As a small child, Tran picked up English quickly. Adjusting was harder for his parents, and especially his sister, then an adolescent, who'd missed years of school while fleeing Vietnam. The family's hopes for a better life quickly focused on Tran, a self-described "recovering gifted kid."
Tran worked hard at maintaining a 4.0 GPA in school, envisioning scholarships, an Ivy League school of his choice, then law school or med school after that. The scarcity and insecurity he'd grown up with would be defeated, once and for all.
Then he lost his perfect grades. "I thought my life was over," Tran confides. "So I went out for a play and I started a band."
It turned out, he really liked those activities. "What the arts allowed me to do was seek truth and be honest with myself," Tran says.
Tran's parents supported him in that shift, lending encouragement when Tran decided to go to Kansas State University to study theater, instead of pursuing the more lucrative dream they'd once shared.
"They bucked cultural norms and gave me their blessing to go out there and try to strike a path as a performer," Tran tells me. "So I doubled down on being hard on myself and that legacy burden. I said, 'You gotta crush it.'"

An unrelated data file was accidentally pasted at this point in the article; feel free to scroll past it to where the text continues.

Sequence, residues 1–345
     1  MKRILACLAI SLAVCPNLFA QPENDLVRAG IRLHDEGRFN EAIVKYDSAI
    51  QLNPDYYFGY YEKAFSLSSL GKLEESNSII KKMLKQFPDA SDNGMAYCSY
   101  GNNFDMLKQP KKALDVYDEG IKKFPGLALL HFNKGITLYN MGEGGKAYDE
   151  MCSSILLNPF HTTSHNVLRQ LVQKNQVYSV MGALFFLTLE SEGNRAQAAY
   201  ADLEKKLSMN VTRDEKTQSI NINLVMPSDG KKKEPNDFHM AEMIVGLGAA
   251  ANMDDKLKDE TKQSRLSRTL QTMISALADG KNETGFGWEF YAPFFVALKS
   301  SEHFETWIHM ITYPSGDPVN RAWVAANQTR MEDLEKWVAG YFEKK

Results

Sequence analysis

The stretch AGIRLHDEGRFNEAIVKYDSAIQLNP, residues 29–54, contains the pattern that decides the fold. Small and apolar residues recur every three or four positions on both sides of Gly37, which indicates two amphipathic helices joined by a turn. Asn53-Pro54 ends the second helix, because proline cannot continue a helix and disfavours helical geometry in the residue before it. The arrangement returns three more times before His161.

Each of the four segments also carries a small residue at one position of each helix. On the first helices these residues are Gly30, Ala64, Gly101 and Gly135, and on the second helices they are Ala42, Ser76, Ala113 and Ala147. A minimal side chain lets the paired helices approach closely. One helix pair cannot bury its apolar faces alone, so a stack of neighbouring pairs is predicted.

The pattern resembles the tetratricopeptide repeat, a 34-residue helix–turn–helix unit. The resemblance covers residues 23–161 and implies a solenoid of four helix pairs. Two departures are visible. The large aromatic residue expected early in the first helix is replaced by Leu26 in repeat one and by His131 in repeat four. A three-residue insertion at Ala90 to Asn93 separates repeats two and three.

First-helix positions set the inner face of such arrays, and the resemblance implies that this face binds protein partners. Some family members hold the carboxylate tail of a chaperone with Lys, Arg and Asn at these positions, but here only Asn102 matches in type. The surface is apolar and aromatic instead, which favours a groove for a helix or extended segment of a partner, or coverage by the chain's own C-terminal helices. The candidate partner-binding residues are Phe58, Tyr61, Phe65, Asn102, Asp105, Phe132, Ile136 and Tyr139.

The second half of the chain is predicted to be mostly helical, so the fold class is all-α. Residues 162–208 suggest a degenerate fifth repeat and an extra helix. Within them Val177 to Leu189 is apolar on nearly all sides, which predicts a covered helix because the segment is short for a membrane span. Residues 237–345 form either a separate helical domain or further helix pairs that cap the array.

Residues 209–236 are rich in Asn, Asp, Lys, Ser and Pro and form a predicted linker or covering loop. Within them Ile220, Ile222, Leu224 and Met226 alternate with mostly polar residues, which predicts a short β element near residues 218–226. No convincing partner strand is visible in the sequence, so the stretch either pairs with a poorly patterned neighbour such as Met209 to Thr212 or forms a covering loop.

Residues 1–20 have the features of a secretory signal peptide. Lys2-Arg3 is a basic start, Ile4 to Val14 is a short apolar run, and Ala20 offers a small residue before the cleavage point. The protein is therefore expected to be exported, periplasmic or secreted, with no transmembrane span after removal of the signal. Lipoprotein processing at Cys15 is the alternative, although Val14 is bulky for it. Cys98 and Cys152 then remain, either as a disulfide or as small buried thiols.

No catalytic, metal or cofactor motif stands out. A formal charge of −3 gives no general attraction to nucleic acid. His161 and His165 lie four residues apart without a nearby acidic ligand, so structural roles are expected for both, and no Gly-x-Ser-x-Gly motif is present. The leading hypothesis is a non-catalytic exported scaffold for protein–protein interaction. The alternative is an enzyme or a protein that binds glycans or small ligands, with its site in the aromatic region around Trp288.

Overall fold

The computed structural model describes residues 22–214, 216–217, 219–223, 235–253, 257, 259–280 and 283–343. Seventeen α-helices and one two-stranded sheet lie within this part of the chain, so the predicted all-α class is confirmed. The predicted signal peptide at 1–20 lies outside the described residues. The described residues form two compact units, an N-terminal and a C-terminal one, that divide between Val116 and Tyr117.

In Kansas City, Tran started his career at the Unicorn Theater in Midtown, where he scored his first major role in a play, as an Asian baseball pitcher. He got a job as a singing waiter and learned how to land commercials, voice-over work — the stuff that pays the bills.
He fronted his own band, Vi Tran Band, playing danceable music with subtly nerdy lyrics. And in 2014, Tran and his wife opened a performance venue called the Buffalo Room in the back of the Westport Flea Market.
But Tran's crowning achievement was a work of his own called "The Butcher's Son" — an autobiographical play telling his family's story.
'Can we rest?'
Before the pandemic, Tran knew he needed to slow down. But again: He had a lot going on.
He'd just landed the coveted Generative Performing Artist Award from the Charlotte Street Foundation. The award was supposed to provide seed money to take "The Butcher's Son" to bigger theater markets.
Tran received enough interest from out-of-town venues that the time came to get on planes and meet with people: "We were so close."
Then everything screeched to a halt. Not only did Tran grieve "The Butcher's Son" losing momentum, he lost work — shows scheduled at the Buffalo Room couldn't happen, and acting gigs dried up. That meant losing both income and identity.
The whole situation made Tran feel once again like "that refugee kid" — unsure if he was safe, unsure if he was going to be OK.
"All the different parts of me were just so exhausted, you know? And in such pain," Tran says. "Like the artist in me, the musician in me, the playwright in me."